Now, Count 1 in the indictment charges that the defendant knowingly and willfully conspired to defraud the Internal Revenue Service of the U.S. Department of Treasury. The indictment charges that it was an object of the conspiracy that the defendant and other alleged co-conspirators acted to increase the profits of UBS by providing unlicensed and unregistered banking services and investment advice in the United States and by other acts intended to conceal from the Internal Revenue Service the identities of the bank's U.S. clients who willfully evaded their income tax obligations by, among other things, filing false income tax returns and failing to disclose the existence of their UBS accounts to the Internal Revenue Service. 
Please note that the defendant is not charged with a substantive violation of the tax laws. 
Now, it is a federal crime for anyone to conspire or agree with someone else to defraud the United States or any of its agencies.  
To defraud the United States means to cheat the Government out of property or money or to interfere with any of its lawful Governmental functions by deceit, craft or trickery.  
A conspiracy is an agreement by two or more persons to commit an unlawful act. In other words, it is a kind of partnership for criminal purposes. Every member of the conspiracy becomes the agent or partner of every other member.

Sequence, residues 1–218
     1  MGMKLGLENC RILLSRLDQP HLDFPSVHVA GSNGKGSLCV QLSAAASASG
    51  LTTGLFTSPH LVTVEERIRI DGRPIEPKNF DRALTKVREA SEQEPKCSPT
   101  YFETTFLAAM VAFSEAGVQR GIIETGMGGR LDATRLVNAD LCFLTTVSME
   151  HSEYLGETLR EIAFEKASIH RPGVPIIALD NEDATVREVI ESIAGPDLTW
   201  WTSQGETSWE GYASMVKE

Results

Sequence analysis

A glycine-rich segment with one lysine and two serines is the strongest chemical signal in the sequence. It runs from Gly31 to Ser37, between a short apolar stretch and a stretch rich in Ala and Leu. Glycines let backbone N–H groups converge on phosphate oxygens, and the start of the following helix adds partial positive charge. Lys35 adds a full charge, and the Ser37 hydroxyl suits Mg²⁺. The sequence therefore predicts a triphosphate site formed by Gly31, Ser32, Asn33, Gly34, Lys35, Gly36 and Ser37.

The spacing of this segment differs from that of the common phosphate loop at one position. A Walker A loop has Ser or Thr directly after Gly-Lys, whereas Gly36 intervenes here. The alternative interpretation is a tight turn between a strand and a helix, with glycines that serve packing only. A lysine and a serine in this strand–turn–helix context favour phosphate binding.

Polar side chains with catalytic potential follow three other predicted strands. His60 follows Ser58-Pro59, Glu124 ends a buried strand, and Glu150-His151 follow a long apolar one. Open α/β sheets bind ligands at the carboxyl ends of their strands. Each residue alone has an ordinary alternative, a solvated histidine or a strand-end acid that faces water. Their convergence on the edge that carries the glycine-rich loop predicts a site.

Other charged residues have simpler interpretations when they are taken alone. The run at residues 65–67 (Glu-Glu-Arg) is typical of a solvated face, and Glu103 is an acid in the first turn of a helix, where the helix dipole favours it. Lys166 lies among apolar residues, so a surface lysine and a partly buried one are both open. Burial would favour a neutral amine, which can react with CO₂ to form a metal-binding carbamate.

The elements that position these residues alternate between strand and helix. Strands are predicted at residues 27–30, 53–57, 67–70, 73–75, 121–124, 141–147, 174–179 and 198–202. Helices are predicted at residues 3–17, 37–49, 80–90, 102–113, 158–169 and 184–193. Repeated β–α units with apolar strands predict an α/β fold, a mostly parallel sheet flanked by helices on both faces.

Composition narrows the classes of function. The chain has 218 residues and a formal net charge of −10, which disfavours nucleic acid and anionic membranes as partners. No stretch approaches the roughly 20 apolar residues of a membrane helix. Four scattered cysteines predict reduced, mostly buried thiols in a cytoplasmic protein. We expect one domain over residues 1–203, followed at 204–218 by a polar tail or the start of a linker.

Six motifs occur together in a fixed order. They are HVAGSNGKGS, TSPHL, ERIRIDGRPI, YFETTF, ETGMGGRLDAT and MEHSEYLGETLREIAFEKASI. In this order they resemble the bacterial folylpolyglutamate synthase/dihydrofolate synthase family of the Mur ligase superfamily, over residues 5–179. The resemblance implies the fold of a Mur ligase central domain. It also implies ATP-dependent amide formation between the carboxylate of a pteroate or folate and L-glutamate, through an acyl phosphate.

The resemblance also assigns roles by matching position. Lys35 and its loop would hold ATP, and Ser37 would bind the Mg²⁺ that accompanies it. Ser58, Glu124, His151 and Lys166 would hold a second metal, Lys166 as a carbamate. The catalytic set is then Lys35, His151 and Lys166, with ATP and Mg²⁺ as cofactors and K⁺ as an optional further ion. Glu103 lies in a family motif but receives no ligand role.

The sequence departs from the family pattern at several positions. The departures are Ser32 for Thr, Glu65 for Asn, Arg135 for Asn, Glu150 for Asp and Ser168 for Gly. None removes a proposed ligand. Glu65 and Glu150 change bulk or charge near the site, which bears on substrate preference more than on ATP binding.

The Government does not have to prove that all the people named in the indictment were members of the plan or that those who were members made any kind of formal agreement.

DOJ Tax Representative Touts Government Successes (11/8/14)

Tax Notes Today has an article reporting on a presentation by Gil Rothenberg, Chief of DOJ Tax Appellate Section noting the recent success of DOJ Tax.  Margaret Burow, Appellate Chief Points to DOJ's Recent Tax Prosecution Successes, 2014 TNT 217-8 (11/10/14) [no link available].   The presentation was at the November 6 at the American Bar Association Section of Taxation conference in Philadelphia..  I offer here certain items from the article on statistics.

As a predicate on statistics, I offer the following from my current working version for the next edition of my Federal Tax Crimes book: